Mohammad Nadeem has been selling old and used books in Karachi’s Urdu Bazaar for 35 years. He was selling old books on a temporary stand, but later these stands were turned into stores by KMC. New stores were added and the market grew. “Here we buy school and university textbooks at a 25% markup and sell them forward, especially to poor students who don’t have the purchasing power to buy new books. They prefer to buy these old books to continue their studies, ”he said. “This market has been shining like this for several decades. People from Karachi, Hyderabad and other cities in Sindh come here to buy their favorite books, notebooks and other stationery, ”he said.

Mohammad Sohail has been running his shop with his father for 30 years. His father bought this shop and with the name Pakistan Bookshop in the Urdu Bazaar of Karachi. “People come to the Urdu Bazaar in search of old books. This business is still thriving in the Urdu bazaar, ”he said. Sohail still remembers the former bookstore owners and workers of the past in this market. “While business is on the rise, the roads and traffic system in this bazaar are still dense, we are also facing traffic jams. Despite the addition of stores to Urdu Bazaar, there is no regular maintenance system. Urdu Bazaar does not have the level of road infrastructure and parking structure that it should have. There is no parking system and no space for pedestrians due to the large number of stalls and patharas. There are few large sewer lines and nallahs inside the whole market, but there is no sewerage system, ”he said.

Mohammad Naseem has also been marketing stationery and children’s books in Urdu Bazaar for the past three decades. According to him, in this wholesale store, distributors and small traders buy all kinds of stationery in stock in his shop. “When this Urdu Bazaar was established, there were very few bazaars in Karachi at that time. It was the only Urdu bazaar at that time now in its same glory. “As the city grew, the number of shops in the Urdu Bazaar increased. Now there are around 300 stores. Urdu Bazaar is the biggest market not only for books and copies, but also for stationery, ”he said. “This old Karachi bazaar is also important in this regard.” He recalled the old heyday of Karachi when there was a tram system and horse carts were used for travel. Naseem fondly recalled the days when all streets and roads were airy and not crowded with crowds as they are today.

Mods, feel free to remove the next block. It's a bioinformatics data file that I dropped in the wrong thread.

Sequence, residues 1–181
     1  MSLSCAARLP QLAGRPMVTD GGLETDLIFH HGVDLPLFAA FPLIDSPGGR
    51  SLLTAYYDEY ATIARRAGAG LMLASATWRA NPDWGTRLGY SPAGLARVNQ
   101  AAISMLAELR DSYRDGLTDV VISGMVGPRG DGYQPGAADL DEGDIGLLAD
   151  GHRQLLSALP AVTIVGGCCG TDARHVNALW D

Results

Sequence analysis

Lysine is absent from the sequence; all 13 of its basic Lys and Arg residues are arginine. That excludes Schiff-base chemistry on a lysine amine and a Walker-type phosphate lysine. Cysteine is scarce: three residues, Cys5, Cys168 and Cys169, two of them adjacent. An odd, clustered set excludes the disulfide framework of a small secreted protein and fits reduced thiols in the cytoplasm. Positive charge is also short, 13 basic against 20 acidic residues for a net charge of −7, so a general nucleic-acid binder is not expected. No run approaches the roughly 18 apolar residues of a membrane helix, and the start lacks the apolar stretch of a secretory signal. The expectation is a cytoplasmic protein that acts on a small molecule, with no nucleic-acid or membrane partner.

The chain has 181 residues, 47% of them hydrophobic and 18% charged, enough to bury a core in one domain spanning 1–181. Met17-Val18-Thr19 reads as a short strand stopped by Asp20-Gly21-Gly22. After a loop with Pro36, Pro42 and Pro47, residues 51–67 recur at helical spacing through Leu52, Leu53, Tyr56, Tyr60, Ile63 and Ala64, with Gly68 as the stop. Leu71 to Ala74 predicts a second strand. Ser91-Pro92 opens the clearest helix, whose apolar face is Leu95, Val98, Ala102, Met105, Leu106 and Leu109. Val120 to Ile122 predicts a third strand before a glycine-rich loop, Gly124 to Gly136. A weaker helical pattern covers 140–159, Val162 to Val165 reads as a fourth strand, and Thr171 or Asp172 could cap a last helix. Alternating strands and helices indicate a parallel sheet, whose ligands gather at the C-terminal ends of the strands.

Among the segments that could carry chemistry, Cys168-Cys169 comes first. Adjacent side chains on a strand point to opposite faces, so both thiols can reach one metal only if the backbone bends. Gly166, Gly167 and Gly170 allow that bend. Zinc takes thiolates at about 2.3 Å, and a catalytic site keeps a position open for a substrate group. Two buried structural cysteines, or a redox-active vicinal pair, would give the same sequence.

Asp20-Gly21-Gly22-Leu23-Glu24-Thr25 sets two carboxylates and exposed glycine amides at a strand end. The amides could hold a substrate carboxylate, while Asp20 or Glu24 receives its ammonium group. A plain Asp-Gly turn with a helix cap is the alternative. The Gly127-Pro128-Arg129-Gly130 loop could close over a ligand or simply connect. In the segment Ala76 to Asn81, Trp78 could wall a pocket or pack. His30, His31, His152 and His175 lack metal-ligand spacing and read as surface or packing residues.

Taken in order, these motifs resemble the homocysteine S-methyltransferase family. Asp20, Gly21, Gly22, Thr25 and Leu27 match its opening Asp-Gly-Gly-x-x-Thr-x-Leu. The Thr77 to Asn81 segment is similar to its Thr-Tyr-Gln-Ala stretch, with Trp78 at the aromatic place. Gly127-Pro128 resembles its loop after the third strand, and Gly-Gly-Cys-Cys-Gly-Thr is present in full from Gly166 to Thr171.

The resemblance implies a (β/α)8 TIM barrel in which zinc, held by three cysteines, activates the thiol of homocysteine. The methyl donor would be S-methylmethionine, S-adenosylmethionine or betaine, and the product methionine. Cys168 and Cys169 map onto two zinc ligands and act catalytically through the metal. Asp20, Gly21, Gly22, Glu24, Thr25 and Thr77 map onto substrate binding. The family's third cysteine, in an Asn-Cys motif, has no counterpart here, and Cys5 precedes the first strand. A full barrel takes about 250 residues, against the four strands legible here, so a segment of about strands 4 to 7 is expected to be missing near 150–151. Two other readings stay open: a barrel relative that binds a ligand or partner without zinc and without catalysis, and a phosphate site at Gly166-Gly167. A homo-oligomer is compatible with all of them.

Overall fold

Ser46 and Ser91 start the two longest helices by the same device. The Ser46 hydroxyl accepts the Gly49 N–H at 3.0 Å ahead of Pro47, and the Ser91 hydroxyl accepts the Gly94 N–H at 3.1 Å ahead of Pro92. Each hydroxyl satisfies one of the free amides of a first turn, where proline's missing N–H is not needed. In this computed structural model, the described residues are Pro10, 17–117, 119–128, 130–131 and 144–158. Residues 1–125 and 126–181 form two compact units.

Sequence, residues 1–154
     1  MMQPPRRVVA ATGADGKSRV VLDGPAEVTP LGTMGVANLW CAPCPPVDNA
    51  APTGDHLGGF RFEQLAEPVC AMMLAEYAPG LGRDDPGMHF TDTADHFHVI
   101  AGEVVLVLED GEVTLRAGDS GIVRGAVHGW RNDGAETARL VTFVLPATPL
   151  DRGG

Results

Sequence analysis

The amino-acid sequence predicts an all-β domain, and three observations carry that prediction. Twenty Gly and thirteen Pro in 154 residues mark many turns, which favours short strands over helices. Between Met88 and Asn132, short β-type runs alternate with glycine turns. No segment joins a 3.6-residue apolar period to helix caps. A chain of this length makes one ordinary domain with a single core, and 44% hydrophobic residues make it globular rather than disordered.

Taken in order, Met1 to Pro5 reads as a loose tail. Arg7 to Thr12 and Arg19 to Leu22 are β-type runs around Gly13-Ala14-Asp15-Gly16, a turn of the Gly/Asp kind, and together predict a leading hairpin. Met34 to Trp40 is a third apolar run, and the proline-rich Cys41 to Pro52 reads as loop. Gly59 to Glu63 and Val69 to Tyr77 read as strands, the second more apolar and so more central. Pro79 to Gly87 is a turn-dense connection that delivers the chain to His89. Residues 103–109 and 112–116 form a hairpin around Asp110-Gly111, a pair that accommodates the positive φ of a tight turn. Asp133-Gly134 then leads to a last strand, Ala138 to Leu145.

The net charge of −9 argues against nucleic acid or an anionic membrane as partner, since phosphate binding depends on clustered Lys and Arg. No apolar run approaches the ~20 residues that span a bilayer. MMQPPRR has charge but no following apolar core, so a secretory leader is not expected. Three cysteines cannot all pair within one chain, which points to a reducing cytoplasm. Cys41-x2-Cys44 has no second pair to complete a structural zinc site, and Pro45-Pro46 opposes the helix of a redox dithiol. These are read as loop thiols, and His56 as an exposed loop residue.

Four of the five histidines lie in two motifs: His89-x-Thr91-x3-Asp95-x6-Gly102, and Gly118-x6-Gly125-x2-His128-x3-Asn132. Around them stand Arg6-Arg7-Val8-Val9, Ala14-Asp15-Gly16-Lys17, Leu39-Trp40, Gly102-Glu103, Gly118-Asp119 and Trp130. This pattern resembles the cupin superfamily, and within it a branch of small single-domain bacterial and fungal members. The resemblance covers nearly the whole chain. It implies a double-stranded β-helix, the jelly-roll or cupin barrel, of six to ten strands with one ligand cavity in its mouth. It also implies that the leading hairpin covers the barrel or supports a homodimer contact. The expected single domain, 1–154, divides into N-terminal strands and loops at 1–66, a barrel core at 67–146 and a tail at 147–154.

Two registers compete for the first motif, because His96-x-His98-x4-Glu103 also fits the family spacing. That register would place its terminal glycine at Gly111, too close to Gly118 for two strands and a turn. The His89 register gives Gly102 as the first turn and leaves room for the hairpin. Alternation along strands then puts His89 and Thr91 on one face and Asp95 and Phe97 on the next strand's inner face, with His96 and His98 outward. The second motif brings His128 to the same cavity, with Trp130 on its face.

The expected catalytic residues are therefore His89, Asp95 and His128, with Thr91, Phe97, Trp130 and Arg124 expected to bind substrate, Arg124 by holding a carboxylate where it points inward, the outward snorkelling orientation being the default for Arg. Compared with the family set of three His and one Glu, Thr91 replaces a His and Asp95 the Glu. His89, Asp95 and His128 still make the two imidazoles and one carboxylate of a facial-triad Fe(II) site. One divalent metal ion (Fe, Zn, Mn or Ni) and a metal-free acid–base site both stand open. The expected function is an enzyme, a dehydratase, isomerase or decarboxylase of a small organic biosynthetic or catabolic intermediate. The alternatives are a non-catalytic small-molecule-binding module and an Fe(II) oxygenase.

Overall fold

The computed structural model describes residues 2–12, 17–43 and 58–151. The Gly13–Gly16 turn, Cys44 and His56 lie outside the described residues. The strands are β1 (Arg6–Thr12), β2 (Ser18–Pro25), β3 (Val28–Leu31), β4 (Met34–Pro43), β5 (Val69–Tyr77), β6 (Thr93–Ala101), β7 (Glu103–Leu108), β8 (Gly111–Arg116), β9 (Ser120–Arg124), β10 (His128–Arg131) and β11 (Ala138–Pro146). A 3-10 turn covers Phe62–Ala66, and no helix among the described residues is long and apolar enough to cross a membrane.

Usman Ghani Tahir, who has been selling books here for four decades, says his family has been involved in the book business since 1942 before the score, his family shop was at Saddar Market, and then they bought a separate shop. in this Urdu bazaar for 40 years. Speaking about the old bazaar in Urdu, he said that instead of emphasizing the importance of this market, a notice was issued to demolish this market in 2019. Authorities said the reason was that this market was located on a sewer line. More than two stores were destroyed and rebuilt due to the explosion of a gas leak here in the 90s. According to Usman, there is no doubt that this is the only market in Pakistan where you can find all kinds. of books from all over the world. Even if a book is not available, the merchant takes care of it.

Nazar Aftab, the owner of Maktab-e-Faridi, a popular Urdu store in the bazaar, says this bazaar has its unique value and the book business is always brilliant here as there are a lot of publishers linked to different cities. who are running their business in Karachi. Their publishing books sent from here by the printing house. Foreign books are sold from here all over Pakistan and publishers profit as a result. “As the number of writers increases over time, this Urdu bazaar is expanding,” he said.

Jabbar sits on the road near the garbage dump and runs his old book stall where he repairs and binds used books and sells them cheaply. “When kmc conducts its encroachment operations here, we clear our stalls from here and leave work. After several days, we sit here again and continue our work because we have no other source of income without this stand, ”he said. According to him, both his store and his stall win with their efforts and customers continue to come to these stalls for cheap prices in the age of inflation where everything comes at high prices.

About Oscar L. Smith

Check Also

Free admission to the Allentown Art Museum

Art should be for everyone, regardless of ability to pay. Now, at the Allentown Art …